I’m coming back to Berkeley with a public lecture at the CTNS. I’ve been researching the topic of evolution more, especially the question of divine concurrence with natural causes in evolutionary changes. I realized that although many followers of theistic evolution willingly accept the idea of God as primary cause working through secondary causes in evolutionary changes, they do not specify what this causation is about and whether all causation in those complex changes is being delegated to the creatures. I developed a model explaining divine concurrence in evolutionary changes. I already wrote an article in which I present this new model (it is being reviewed by one of the academic journals). I’m happy to visit Berkeley again and being able to share it with scholars and students interested in this topic.
I’m sharing the good news. My article on the thomistic response to the theory of evolution – that I have been working on for a long time – has been published today in an online version of the coming issue of Theology and Science. you can find link to the article and a pdf of the final draft on my profile on ACADEMIA.EDU and RESEARCHGATE.NET.
The paper is significant for two reasons.
First, I’m bringing in it my discovery of a preliminary definition of natural selection in Aquinas’ commentary on Aristotle’s Physics II, 8 (198b 29-32), that can be found in In Phys. II, lect. 12, par. 253.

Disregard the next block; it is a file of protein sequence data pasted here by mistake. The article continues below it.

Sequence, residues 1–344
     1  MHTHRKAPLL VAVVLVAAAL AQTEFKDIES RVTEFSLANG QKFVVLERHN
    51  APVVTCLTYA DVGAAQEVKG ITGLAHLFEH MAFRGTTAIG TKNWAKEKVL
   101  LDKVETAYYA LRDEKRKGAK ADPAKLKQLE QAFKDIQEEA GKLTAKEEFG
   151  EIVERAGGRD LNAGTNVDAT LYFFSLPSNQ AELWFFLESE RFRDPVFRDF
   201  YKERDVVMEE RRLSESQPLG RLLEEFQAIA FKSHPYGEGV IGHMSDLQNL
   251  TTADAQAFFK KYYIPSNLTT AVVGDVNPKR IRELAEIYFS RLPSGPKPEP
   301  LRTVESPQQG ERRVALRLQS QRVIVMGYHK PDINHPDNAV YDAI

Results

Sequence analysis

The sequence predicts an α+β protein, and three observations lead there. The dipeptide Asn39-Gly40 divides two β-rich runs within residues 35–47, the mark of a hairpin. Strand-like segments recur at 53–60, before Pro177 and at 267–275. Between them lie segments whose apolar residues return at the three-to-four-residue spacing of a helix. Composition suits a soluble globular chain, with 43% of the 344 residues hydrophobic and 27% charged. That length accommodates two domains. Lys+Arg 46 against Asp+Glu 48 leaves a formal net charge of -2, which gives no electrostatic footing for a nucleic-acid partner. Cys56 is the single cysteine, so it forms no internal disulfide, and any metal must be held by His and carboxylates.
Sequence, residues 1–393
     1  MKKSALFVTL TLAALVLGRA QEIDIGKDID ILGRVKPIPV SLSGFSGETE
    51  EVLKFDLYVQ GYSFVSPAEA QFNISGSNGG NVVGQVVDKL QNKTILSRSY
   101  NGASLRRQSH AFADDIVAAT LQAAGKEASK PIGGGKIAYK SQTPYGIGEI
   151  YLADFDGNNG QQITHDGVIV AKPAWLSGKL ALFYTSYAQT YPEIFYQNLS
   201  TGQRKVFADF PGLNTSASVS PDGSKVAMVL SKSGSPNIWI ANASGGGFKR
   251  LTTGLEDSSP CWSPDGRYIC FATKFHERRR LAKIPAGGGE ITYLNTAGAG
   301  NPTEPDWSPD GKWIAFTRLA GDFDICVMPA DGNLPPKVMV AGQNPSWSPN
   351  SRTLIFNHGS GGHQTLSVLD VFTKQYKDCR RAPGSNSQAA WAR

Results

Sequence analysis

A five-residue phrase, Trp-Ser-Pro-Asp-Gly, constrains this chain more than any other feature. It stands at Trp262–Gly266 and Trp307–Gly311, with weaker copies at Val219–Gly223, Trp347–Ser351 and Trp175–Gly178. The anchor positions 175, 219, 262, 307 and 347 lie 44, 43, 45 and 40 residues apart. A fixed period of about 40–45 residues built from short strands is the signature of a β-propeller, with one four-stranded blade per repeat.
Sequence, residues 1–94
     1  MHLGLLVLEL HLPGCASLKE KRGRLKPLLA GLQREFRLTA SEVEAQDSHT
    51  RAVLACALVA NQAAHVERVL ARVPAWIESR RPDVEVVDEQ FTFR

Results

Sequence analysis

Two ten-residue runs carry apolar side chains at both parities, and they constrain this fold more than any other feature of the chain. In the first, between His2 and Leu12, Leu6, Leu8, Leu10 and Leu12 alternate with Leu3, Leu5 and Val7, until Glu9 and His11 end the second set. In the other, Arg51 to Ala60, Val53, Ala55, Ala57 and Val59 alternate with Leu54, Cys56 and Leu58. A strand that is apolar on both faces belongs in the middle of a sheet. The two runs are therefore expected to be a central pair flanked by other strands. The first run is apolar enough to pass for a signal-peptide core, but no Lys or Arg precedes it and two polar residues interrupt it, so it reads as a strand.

Second, in the theological part of the paper I bring Aquinas’ Commentary on Sentences (In I Sent., dist. 44, I, 2, co.) where Thomas — in the context of divine action in the possible perfection of the universe — says explicitly about addition of new species (multae aliae species).
Neither Aristotle nor Aquinas assumes the reality of the evolution of species. Their systems of thought, however, remain open to the new data, offering an essential contribution to the ongoing debate between scientific, philosophical, and theological aspects of the theory of evolution. After discussing some key issues of substance metaphysics in its encounter with the theory of evolution (hylomorphism, transformism of species, teleology, chance, the principle of proportionate causation), I present a Thomistic response to its major hypotheses. Concerning the philosophy of Aquinas I trace what might be seen as a preliminary description of natural selection in his commentary on Aristotle’s Physics. Turning toward theology, besides addressing the topics that were referred to in the past—such as: Aquinas’ reading of Genesis, his account of creation as dependence in being, secondary and instrumental causality, and univocal/equivocal predication of God—I bring into discussion Thomas’ concept of the perfection of the universe, which has been virtually unused in this context.
Key Words: Aristotle; Aquinas; Natural selection; Chance; Divine causality; Evolution; Hylomorphism; Perfection of the Universe; Teleology
I’m publishing another paper that I wrote during the first two years of my studies at the GTU. It will eventually become an important part of one of the chapters of my dissertation.
Applied to the Science/Theology Dialogue